by Brent Crampton
:::: Nerds Unite ::::
The verdict is in: Last Saturday's Nerdtron event saw the party concept's largest attendance to date. Given that the previous weekend saw Gunk & loom hit record attendance, it begs the question: What's going on in Omaha's EDM scene?
Nerdrton founder Cay Combs, aka Kid-Dynamite, says the scene is intermingling.
"Someone told me on Saturday that they appreciate how they can go to loom at the beginning of the month and hear deep house and world influenced music. In the middle of the month they can go to Gunk and hear dubstep and electro. Then at the end of the month they can go to Nerdtron and hear hardcore, hardstyle and d'n'b," Combs says. "… At each of these parties, they feel welcome and feel like people aren't judging them.
"Despite music differences, those three parties basically promote the same thing … the demographics are intermingling."
Combs says Nerdtron also experienced "growing pains" last Saturday, similar to Gunk & loom. While they stepped up the overall production value, unforeseen things can happen when a party blows up. In Nerdtron's instance, when three lines formed in front of the elevators, people began cramming into them like a boxes of sweaty and rhythmic multi-colored crayons. The recommended max occupancy was six. Well, when 11 condensed into one, the elevator broke, leaving all 11 people locked and stuck inside.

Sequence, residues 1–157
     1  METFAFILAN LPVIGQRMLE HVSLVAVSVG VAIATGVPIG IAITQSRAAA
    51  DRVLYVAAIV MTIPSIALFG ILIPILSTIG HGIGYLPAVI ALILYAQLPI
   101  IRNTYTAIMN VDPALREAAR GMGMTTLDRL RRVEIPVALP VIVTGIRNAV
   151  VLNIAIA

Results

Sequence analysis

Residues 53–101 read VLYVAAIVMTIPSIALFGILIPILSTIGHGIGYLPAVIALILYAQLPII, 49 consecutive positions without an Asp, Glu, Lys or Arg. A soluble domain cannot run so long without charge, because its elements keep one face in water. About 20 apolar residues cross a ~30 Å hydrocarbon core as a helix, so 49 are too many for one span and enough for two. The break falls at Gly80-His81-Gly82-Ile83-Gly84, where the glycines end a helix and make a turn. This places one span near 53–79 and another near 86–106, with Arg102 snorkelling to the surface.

"We could hear them laughing inside the elevator," Combs says. "A fire truck was there within 10 minutes and the doors were opened."
I'll be sure to mention future Nerdtron parties and monitor their progress. To stay in touch with their events, check out the website: nerdtron.net.
:::: Your Thoughts? ::::
On the topic of the recent growth of Omaha's dance party scene, I'd like to hear from other DJs, promoters or just party goers on what's behind the recent trend. Is this a sign of what's to come? Just a lucky streak? Weigh in your opinions in the comments section below.
:::: Enso Interview ::::
You may remember in my first feature for Hear Nebraska, I talked about a budding debut from a two-person group known as Soma. Well, over a month later they've changed their name to Enso. Serka & Dorion of the 1/Fourth group formed Enso to take their mutual passion for music and producing into the next level. Their ambitious rhetoric and future plans (I'm not fully allowed to announce yet) are setting the bar pretty high. But if Dorion's recent win in the Sleigh Bells' remix contest for the song, "Run the Heart," is any indication, they'll do just fine.
Below is a Q&A to get to know them …
Describe your sound …